U.S. Women's Open
Why Lydia Ko has an unexpected logo on her visor at the U.S. Women's Open
Kevin C. Cox
LPGA Tour players have logos on their apparel and bags from a variety of companies. From finance to technology, you’ll see a range of big companies supporting female golfers with their corporate signatures prominently featured on shirts and hats. But at the U.S. Women’s Open at Pine Needles, Lydia Ko has a new logo on her visor: A local coffee shop, High Octane Coffee.
American Express partnered with six athletes playing this week in North Carolina and are using the logo space they’ve purchased to give local small businesses some publicity. Along with Ko, Celine Boutier, Gaby Lopez, Stacy Lewis, Lexi Thompson and Rose Zhang all have logos of local businesses on either their apparel or bags for the week.
The players worked with American Express to find a company that aligned with them, and each company is owned by women. Ko landed on High Octane Coffee because while traveling, her sister and her mom are always searching for the best local coffee.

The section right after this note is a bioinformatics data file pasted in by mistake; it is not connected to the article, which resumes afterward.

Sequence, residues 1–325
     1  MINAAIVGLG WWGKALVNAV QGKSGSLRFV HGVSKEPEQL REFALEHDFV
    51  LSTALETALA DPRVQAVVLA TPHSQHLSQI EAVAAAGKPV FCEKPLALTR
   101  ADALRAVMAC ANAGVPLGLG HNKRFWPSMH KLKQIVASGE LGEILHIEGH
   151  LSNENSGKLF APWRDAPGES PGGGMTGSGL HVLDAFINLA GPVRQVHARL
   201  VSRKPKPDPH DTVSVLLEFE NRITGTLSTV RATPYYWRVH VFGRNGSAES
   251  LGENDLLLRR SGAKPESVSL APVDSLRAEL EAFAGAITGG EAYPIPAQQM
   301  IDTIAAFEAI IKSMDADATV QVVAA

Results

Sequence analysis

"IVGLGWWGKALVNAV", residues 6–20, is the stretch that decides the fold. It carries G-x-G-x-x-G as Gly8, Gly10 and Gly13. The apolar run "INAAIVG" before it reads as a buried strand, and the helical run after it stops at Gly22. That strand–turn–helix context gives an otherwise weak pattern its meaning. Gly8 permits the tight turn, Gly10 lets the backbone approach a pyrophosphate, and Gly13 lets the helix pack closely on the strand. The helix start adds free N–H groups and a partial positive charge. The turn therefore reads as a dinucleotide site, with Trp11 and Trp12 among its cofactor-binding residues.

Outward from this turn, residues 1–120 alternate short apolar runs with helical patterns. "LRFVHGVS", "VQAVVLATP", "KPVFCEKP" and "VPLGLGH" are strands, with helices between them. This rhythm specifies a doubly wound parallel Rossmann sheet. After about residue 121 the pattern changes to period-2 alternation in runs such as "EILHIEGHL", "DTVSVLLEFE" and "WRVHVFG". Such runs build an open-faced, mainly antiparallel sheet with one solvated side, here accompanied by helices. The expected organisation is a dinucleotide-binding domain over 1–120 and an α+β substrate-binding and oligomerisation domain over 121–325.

“They are pretty avid coffee drinkers,” Ko said. “It’s cool to go to different spots and find local gems. I love looking around, finding a good vibe, seeing if they have good little snacks.”
Ko isn’t a coffee fanatic, but her usual coffee-shop order is a matcha latte. High Octane has it on the menu.
“And the logo is super cool, with the coffee and the triangle, it’s chic and cute.” Ko said.
High Octane is in Aberdeen, N.C. The three women who own it, Kelly McAndrew, Tracey Harrison and Nicola Squires, turned a 1930s gas station into their dream coffee shop.
“For Amex to do an initiative like this is really cool,” Ko said. “Especially for me, to partner with Amex and High Octane, a local business here, it’s truly cool to do that because it feels like there’s a connection: It’s more than us playing golf here, we’re getting familiar with the locals.”
Rooting the tour more solidly into the communities where they play is a trend Ko wants to continue.
“It’d be cool to be able to connect and give back as much love we get when we play there,” Ko said. “It’s something I’d like to see more of.”